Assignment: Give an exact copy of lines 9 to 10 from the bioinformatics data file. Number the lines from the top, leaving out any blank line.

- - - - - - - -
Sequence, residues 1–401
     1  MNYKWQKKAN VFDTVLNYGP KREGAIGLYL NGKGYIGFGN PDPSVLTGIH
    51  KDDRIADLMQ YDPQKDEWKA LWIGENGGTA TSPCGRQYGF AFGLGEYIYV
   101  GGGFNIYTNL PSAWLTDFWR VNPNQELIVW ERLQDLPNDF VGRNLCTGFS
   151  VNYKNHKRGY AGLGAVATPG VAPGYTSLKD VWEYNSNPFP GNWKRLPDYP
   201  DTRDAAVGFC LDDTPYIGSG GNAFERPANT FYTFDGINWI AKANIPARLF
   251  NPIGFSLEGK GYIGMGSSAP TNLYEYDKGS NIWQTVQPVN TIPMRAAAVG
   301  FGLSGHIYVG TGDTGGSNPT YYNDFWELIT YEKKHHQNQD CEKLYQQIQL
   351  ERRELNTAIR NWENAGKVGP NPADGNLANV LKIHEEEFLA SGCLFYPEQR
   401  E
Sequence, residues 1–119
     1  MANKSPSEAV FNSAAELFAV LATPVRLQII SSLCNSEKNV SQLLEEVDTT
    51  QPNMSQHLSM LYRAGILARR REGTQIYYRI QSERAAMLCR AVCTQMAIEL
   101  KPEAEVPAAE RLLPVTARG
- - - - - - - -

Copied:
   351  ERRELNTAIR NWENAGKVGP NPADGNLANV LKIHEEEFLA SGCLFYPEQR
   401  E